99 New Discoveries in Astronomy

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AuthorHouse, 2012 - Science - 156 pages
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This book presents what are possibly the greatest advances in astronomy and physics for years. It quantifies the force responsible for the expansion of the universe and describes its source. It identifies the greatest destructive mechanism in the universe. The enigmas behind the Hubble constant were resolved and this led to all the discoveries. The mysteries behind dark matter and dark energy are solved. The cause of all solar energy, including gravitational and radiant energy is identified. Surprisingly hydrogen fusion is found to be responsible for the sun's remarkable prolonged stability, but it is an impossible source of surplus energy. The most unexpected finding was that time has an unusual property, one that is responsible for much of the behaviour of the universe. Also uncovered was an inverse relationship between time and mass. Another finding was the greatest catastrophe to befall the earth with after effects that we still feel today, such as shifting plate tectonics, tsunamis and earthquakes, and why the Pacific Ocean is so deep. That catastrophe led to Snowball Earth. But it also eventually caused the oxygenation of earth's atmosphere and the emergence of life. Also found were why Jupiter is so hot compared with its surroundings and what drives its equatorial storms. Another discovery was the mechanism responsible for Saturn's marvellous ring system. Also identified within that ring system was the physics behind the most spectacular sight in the solar system. But there are many other discoveries, such as that the theory of the Big Bang must be wrong, the quantification of gravitational energy and so on. This book should do to Astronomy what Darwin's book The Origin of Species did to biology.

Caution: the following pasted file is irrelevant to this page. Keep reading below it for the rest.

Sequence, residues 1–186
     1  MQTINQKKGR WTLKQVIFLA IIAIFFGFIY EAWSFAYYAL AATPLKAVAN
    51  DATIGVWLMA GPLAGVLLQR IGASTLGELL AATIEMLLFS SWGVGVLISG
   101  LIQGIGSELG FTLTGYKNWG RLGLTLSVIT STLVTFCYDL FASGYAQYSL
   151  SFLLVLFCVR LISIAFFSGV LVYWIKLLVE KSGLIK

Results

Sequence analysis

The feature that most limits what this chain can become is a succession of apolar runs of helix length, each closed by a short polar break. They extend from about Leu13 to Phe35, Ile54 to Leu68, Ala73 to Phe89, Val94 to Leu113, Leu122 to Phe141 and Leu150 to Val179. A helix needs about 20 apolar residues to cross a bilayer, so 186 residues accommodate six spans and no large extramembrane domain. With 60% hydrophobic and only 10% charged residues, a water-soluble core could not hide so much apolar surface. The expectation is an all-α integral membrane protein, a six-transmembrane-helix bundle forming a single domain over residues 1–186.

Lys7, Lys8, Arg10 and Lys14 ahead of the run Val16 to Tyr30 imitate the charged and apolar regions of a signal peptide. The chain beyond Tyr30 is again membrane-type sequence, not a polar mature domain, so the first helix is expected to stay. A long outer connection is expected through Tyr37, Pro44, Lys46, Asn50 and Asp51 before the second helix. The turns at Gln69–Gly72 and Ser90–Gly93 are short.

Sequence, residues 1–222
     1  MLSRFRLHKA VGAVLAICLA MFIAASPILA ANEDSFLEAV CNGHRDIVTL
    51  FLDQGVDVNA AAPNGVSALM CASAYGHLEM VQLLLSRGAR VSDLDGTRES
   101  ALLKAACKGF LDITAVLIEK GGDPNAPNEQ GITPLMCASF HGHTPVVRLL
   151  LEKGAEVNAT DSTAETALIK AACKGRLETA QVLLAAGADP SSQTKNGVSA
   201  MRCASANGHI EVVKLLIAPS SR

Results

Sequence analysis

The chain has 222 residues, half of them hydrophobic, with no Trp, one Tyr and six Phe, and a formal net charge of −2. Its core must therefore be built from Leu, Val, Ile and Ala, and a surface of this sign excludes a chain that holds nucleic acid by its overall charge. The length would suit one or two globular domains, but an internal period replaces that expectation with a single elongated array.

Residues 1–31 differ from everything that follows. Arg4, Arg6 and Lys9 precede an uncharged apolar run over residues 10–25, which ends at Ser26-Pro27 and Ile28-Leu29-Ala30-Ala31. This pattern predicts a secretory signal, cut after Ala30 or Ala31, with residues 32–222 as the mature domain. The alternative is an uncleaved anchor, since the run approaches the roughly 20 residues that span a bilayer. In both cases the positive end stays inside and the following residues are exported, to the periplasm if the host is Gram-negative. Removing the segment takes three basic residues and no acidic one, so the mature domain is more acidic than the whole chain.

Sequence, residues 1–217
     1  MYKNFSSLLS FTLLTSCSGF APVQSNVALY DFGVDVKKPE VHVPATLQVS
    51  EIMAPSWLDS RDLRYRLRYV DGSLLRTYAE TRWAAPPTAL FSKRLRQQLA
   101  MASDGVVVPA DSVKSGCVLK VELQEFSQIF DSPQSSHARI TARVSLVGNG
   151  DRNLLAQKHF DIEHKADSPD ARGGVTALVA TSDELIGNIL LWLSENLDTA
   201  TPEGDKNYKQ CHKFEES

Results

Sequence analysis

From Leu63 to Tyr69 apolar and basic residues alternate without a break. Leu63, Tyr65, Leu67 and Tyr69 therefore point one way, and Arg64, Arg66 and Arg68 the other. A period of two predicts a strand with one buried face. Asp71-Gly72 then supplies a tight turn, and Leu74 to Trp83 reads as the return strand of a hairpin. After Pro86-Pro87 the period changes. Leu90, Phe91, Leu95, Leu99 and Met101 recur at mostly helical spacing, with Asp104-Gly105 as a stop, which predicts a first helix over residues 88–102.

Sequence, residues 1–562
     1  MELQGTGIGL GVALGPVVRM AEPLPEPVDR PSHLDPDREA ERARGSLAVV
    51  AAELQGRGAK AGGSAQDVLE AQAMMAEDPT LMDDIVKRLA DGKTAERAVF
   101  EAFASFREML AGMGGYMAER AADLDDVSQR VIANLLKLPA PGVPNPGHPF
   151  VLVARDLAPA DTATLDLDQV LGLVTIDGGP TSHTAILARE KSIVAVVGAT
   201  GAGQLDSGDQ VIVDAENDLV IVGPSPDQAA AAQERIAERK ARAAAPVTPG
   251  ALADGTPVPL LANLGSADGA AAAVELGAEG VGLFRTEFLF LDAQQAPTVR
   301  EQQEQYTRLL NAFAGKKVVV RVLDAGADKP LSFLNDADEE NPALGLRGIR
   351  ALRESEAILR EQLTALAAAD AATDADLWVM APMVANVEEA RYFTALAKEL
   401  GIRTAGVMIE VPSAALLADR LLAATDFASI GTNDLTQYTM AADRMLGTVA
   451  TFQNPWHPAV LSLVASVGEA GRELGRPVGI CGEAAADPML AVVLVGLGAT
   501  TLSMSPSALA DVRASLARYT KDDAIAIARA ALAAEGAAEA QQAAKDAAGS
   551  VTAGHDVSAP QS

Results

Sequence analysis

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Chapter One
Chapter Two
Chapter Three
Chapter Four
Chapter Five
Chapter Six
Chapter Seven
Chapter Eight
Chapter Nine

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About the author (2012)

The author is a retired academic. To him, data, correctly gathered, are sacrosanct and if they clash with preconceived concepts those must go. He became interested the Hubble constant. Just as the Rosetta stone led to many discoveries about ancient Egypt so solving the constant's enigmas led to many discoveries in physics and astronomy. He is no respecter of the eminent if their opinions clash with data. No one, not even Einstein, is exempt. The book concentrates on time's behaviour. Coincidentally he lives near time's greatest monument, Stonehenge. Given his distrust of coincidences this statement is made through gritted teeth.

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